Pregnant women are supposed to resist the urge to look things up on the internet, but it can be just too tempting to get answers to things like whether or not you can take a bath, dye your hair or drink coffee. This can be especially true regarding nutrition, as pregnant women want to ensure they're doing the right thing for their and their baby's health.
Protein intake is essential in pregnancy and might be something you've wondered about, but it can be hard to think about stomaching massive amounts of protein daily. Enter the protein shake. If you're asking yourself, can you drink protein shakes when pregnant? Read on to hear what our experts say.
The short answer is yes, you can drink protein shakes while pregnant, says Robyn Van Hooks, RDN, LD, a clinical dietitian in women's health at UH Rainbow Ahuja Center for Women and Children. "Consuming the recommended amount of protein per day can be tough at times, especially if you're dealing with morning sickness, food aversions or a hectic schedule," she says. A shake can make getting the recommended protein amount easier.
Remember, pregnant women—despite the old saying that you're eating for two—only need a few hundred extra calories daily. A pregnancy-safe protein powder or shake can be a good idea if you cannot get sufficient calories and sufficient protein. However, if it's one filled with additives, sugar or ingredients high in calories, especially non-quality calories, these dietary supplements can work against you.
Van Hooks says newer research points to optimal intake of at least 80 grams of protein per day in the first trimester and at least 100 grams in the second and third. For reference, a 3-ounce chicken breast has about 21 grams of protein.
If these amounts stress you out, know that shakes can make it easier to incorporate protein and that doing your best is what counts. "Aim to get as close as you can with regular protein sources," she says. "As long as you eat a balanced diet and aim to include protein food at each meal and snack, you and your baby should do well."
It's ideal to get most of your intake from protein-rich food sources such as meat, cheese, yogurt, eggs, or nuts. "Food sources of protein provide other important nutrients that might not be present in a protein shake or powder," says Van Hooks, who acknowledges this can be difficult. "If you're having trouble taking adequate amounts of protein from food, include protein shakes to make up the difference. For example, you could have a shake between meals as a snack," she says.
Upping protein can be a good idea when you find out you're pregnant. Van Hooks says newer research supports that protein needs are higher in the first trimester than initially thought.
"It's often when many find it difficult to eat adequately because of common concerns like nausea or a reduced overall appetite," she acknowledges. Shakes and powders can help bridge the healthy pregnancy gap during this period.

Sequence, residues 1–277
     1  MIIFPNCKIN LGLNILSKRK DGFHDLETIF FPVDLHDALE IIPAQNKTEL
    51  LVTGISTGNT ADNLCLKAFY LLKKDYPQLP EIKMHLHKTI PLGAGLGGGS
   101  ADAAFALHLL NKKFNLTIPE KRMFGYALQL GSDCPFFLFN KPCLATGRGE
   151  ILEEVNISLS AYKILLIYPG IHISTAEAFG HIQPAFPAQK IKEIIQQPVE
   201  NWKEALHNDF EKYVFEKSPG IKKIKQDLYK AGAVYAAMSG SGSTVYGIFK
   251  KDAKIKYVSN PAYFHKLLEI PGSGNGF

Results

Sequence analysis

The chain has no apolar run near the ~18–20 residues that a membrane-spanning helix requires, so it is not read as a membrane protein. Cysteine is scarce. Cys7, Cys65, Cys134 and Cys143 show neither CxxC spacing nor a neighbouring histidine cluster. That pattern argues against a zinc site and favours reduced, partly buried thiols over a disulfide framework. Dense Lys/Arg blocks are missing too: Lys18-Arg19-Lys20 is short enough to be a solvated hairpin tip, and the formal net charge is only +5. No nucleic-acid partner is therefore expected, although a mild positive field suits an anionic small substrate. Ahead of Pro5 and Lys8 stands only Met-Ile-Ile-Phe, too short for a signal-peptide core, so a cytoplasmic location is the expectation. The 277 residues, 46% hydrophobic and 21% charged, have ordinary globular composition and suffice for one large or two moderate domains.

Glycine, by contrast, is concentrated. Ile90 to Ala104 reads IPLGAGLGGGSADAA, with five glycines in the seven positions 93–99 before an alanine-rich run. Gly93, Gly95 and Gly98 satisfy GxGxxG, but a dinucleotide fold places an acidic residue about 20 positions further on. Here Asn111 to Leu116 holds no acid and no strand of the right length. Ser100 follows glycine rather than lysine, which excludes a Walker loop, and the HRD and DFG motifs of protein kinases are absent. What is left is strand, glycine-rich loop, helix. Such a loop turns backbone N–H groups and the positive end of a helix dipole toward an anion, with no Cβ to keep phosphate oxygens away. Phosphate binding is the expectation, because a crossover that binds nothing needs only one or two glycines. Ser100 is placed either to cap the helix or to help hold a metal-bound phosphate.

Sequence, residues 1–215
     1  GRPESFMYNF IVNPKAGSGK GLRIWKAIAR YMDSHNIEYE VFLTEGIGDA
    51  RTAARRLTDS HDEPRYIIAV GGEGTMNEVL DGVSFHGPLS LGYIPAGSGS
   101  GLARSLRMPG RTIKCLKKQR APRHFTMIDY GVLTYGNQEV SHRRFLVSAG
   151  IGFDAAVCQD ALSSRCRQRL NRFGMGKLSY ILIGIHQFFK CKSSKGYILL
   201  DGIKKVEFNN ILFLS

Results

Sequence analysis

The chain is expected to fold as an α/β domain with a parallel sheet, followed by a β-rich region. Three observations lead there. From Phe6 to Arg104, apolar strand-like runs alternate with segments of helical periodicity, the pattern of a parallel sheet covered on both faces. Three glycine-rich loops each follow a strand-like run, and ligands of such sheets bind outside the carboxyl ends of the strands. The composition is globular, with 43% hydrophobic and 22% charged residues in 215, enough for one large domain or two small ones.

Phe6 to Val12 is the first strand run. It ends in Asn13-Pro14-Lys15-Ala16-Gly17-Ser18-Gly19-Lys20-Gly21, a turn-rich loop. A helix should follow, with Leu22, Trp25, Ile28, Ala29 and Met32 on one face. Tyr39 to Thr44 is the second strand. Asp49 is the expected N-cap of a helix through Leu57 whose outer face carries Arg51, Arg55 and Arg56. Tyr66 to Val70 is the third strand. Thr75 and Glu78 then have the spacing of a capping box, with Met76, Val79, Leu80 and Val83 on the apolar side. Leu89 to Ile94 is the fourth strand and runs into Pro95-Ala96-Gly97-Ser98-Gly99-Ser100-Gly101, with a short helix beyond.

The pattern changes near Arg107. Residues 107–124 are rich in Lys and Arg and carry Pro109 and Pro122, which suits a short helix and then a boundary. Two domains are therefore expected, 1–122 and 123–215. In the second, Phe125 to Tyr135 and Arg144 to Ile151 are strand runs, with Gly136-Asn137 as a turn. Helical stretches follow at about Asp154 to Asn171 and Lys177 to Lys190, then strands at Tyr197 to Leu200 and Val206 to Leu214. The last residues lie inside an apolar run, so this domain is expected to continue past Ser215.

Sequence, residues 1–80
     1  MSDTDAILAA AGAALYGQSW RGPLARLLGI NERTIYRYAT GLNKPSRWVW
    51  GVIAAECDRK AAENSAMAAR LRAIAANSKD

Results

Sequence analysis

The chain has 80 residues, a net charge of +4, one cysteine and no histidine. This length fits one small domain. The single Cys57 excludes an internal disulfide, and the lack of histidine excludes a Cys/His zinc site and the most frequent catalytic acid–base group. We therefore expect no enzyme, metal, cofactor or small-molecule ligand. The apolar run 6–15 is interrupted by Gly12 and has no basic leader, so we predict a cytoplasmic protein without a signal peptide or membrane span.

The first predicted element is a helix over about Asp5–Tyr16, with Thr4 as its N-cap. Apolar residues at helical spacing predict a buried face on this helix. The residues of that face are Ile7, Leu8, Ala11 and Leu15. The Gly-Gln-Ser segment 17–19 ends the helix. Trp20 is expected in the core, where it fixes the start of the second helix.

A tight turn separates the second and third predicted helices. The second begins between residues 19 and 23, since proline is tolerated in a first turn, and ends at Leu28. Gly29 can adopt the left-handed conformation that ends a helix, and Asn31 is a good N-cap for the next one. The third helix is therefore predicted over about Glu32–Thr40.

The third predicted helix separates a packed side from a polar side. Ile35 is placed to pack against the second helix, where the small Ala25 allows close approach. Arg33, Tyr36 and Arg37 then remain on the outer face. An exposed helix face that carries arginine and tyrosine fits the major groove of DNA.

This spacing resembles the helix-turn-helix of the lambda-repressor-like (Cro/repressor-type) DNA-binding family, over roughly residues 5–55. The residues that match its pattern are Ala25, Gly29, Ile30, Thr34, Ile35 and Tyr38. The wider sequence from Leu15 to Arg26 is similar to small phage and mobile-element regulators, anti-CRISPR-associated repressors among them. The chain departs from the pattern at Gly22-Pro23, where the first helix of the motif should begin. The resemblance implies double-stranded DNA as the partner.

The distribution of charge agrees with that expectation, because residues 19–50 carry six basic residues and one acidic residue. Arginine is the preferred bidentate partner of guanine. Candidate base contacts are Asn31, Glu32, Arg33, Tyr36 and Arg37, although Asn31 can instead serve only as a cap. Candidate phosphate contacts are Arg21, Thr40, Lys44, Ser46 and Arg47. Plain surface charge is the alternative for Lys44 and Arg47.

Dr Shivani Patel, an associate professor in the Department of Obstetrics and Gynecology at UT Southwestern Medical Center, says that additional conditions might include food aversions, malnourishment or dietary restrictions due to underlying medical conditions. She says there's no hard and fast rule as to when to start drinking protein shakes but that the onset of any of these conditions can spur a conversation with your provider about how and when to get more protein.
Van Hook says that protein is an essential building block of cells and necessary for building new cells. "Eating adequate protein during pregnancy supports healthy fetal weight gain and healthy blood pressure levels and can help stabilize blood sugar levels throughout the day," she says. An added benefit is that many experience improved nausea and food cravings with adequate protein intake.
Van Hooks advises avoiding powders and premade shakes with additives like herbs and caffeine or supplements like vitamins and minerals. "Excess intake of certain vitamins can be harmful during pregnancy," she says. Dr. Patel suggests cross-referencing it with a prenatal vitamin you might already be taking.
Additionally, look for protein powders and protein supplement shakes that are low in added sugar, especially if you have pre-existing or gestational diabetes. Check labels for healthy amino acids.
If you're DIY-ing your shakes at home, incorporating as many nutrients as possible can be a good idea. Using your shake as a meal replacement is possible, especially if you have trouble keeping food down. "Blending leafy greens or fruit into a protein shake will add fiber," says Van Hook.
She also suggests adding ingredients like avocado, chia seeds, flax seeds, and nut butter to add fiber and healthy fat. The more fiber, the better, as a fiber-packed protein shake can do double duty by helping with constipation, a common pregnancy complaint.
Protein shakes and powders can be filled with additives that can add up calorically. Remember that while extra nutrients, fat and fiber can be helpful, pregnant women only need an additional 100 to 300 calories per day during pregnancy, according to Dr. Patel.
This popular protein powder whips into shakes and smoothies almost instantly—and it's ultra-affordable. It has nearly 90,000 positive reviews on Amazon and a 4.5-average star rating. The creamy texture impresses us, as well as the non-GMO ingredients list.
It's ideal for vegans, gluten-free dietary restrictions and serves up 21 grams of organic plant-based protein in each serving. It's also dairy-free thanks to pea protein which makes it easy for any pregnant woman to meet her protein requirements.
We also love this protein shake base to homemade granola for a protein-packed punch that rivals some of the best lactation cookies.
Keep up with your baby's development, get the latest parenting content and receive special offers from our partners